Musketry and other necessary military skills were intensively practiced until these soldiers of a sort were deemed adequate to lead their men into action. Signals training started in earnest too with mastering the Morse code being of prime importance. Throughout all this Schonland felt in his element as he recorded in the diary he kept throughout this phase of his military career.
Fig.1 Second Lieutenant Basil Schonland in 1915.
However, the latest invention in the military armoury was wireless. Its first use by the British Army during the Anglo-Boer War had been inauspicious until the Royal Navy took over the equipment and demonstrated its capabilities with all the aplomb that the senior service could muster (Austin,1995).
More than a decade later the technology had made considerable strides and Schonland would soon become an expert in its use. The senior instructor in wireless was another Cambridge man, Edward Appleton, some four years older than Schonland, and destined to win the Nobel Prize in 1947 for his researches on the ionosphere in the 1920s. He and Schonland were to become occasional colleagues throughout the rest of their careers. The leader in Schonland soon became apparent and his men respected him, both for his dedication to the task of training them and for his humanity. To his diary he confided that he 'catechised' them on all aspects of soldiering and so prepared them for what lay ahead of his 43 Airline Section.
In January 1916, they were in France near the town of Cambrin. Just four months before, in that very vicinity, the British Army had lost 60 000 men killed, wounded and captured at the Battle of Loos. They had gained almost no ground in the process. Despite the carnage and atrocities of war, science appeared in strange places. Close to the front line where ‘43’ happened to be laying their cables Schonland encountered another Cambridge man, Lawrence Bragg who, with his father William Henry, would be awarded the Nobel Prize for Physics in just a few months’ time.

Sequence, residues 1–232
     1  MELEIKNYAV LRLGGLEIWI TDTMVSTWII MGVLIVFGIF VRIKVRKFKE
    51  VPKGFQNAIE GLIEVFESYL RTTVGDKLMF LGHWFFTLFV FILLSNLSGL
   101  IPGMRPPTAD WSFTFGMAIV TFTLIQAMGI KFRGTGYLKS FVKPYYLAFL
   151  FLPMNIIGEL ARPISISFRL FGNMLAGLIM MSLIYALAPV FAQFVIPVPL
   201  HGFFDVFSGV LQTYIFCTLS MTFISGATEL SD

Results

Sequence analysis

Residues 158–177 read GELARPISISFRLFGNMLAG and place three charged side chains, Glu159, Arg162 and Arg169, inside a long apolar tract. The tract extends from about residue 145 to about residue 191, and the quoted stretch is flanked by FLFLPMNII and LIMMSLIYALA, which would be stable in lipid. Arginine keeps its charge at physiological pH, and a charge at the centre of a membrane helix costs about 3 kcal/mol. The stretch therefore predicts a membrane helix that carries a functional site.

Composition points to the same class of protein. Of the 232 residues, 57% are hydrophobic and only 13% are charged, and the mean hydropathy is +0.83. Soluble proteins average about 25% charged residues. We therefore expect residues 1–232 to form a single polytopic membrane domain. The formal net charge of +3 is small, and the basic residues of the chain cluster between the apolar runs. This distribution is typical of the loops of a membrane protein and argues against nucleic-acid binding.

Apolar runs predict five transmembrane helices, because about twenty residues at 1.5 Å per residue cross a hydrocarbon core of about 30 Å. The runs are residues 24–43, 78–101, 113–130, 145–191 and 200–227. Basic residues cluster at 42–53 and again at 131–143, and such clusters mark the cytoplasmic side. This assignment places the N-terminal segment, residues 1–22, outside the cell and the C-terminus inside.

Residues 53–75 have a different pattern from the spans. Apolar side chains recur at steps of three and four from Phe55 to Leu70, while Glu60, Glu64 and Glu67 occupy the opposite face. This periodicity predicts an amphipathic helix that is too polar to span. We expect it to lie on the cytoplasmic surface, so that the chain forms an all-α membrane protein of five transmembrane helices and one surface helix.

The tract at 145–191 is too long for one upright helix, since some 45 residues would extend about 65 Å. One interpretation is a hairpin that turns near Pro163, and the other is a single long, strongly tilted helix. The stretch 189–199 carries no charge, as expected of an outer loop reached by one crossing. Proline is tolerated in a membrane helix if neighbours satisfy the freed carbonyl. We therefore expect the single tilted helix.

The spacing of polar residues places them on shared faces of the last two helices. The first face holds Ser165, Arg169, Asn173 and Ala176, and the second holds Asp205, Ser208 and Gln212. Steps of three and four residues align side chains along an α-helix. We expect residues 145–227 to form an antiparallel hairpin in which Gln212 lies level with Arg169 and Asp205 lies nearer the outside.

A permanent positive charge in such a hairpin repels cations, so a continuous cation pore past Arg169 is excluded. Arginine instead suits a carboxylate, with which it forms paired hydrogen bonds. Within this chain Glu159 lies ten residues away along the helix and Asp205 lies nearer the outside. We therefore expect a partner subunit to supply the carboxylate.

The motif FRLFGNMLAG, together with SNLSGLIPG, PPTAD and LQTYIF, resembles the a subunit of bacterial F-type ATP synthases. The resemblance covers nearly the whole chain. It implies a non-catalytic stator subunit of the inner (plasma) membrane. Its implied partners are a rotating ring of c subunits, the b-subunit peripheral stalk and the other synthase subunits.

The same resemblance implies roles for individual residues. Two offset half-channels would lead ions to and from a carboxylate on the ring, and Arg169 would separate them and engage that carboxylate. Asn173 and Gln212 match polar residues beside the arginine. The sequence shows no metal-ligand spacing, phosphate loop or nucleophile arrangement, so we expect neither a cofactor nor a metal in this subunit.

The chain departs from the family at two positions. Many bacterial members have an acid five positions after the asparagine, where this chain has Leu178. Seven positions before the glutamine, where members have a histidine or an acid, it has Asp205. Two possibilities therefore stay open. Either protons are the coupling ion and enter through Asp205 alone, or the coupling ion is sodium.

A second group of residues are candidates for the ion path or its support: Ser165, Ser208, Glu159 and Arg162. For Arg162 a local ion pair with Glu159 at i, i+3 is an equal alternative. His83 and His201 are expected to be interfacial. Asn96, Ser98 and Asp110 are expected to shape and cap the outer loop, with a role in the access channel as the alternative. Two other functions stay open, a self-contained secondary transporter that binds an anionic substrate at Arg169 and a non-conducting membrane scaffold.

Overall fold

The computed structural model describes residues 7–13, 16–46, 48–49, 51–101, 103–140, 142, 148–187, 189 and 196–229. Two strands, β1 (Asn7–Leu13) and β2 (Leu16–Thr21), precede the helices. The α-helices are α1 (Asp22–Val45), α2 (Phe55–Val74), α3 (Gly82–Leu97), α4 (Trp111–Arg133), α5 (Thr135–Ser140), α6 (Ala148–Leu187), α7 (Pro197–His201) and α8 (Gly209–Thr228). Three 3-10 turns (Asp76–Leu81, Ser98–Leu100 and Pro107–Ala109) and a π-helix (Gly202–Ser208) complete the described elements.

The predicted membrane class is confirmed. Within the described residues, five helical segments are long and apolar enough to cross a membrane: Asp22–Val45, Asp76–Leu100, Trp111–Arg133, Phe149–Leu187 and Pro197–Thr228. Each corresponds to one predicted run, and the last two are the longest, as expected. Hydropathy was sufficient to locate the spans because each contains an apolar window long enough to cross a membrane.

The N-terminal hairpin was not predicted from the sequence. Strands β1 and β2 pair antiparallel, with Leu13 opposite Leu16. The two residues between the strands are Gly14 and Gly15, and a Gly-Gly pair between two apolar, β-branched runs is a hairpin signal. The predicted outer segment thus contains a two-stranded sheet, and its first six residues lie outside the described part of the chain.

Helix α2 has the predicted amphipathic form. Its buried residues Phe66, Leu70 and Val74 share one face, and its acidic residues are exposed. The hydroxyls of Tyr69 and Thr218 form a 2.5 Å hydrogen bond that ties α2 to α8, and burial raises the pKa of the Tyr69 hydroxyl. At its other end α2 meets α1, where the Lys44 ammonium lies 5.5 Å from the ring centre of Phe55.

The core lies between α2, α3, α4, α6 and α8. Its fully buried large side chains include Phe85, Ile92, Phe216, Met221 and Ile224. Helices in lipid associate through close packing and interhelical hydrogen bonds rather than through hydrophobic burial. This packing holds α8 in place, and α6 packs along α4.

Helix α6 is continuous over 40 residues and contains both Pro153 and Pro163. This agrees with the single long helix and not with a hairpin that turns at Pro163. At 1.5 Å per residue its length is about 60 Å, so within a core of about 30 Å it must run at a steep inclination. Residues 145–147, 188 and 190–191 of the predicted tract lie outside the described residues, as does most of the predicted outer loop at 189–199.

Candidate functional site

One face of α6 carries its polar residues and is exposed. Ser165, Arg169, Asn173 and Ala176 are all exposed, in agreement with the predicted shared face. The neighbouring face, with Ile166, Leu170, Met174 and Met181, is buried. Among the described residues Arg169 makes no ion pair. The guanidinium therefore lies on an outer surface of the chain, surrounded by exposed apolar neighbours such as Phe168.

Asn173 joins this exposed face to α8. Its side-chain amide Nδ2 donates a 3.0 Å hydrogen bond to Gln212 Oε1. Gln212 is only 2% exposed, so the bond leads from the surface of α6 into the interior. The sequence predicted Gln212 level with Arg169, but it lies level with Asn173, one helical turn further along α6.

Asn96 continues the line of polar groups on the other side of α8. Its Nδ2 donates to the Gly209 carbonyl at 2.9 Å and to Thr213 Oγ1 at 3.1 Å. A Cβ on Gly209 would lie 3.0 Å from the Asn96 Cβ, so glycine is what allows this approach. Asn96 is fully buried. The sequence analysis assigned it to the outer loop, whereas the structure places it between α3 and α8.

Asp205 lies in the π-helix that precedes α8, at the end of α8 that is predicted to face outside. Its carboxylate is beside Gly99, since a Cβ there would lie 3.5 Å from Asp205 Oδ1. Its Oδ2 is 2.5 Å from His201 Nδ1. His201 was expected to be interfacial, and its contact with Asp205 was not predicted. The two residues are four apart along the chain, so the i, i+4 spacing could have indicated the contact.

Their work on understanding the structure of crystals by means of their diffraction of Roentgen rays (the X-rays of today) was a fundamentally important discovery. But now Bragg was very differently employed. He was an officer in the Royal Artillery whose task was to try to locate the source of enemy gun-fire by means of 'soundranging' using suitably displaced acoustic mirrors, as they were called, and then taking bearings on the directions of maximum sound intensity to locate their source. This technique would soon become the forerunner of a means of detecting enemy wireless transmissions and by a similar method of triangulation to determine the location of the transmitter. When wireless became radio, under the influence of the Americans, the technique of radio direction finding would become a powerful tool on the battlefield. All this fascinated Schonland and he communicated his enthusiasm to his younger brother Felix, in Grahamstown, in a simplistically coded message which somehow evaded the British Army’s dedicated team of censors: Bragg (one day you will hear of him) is _____ing German _____s by means of a very cute invention he wrote.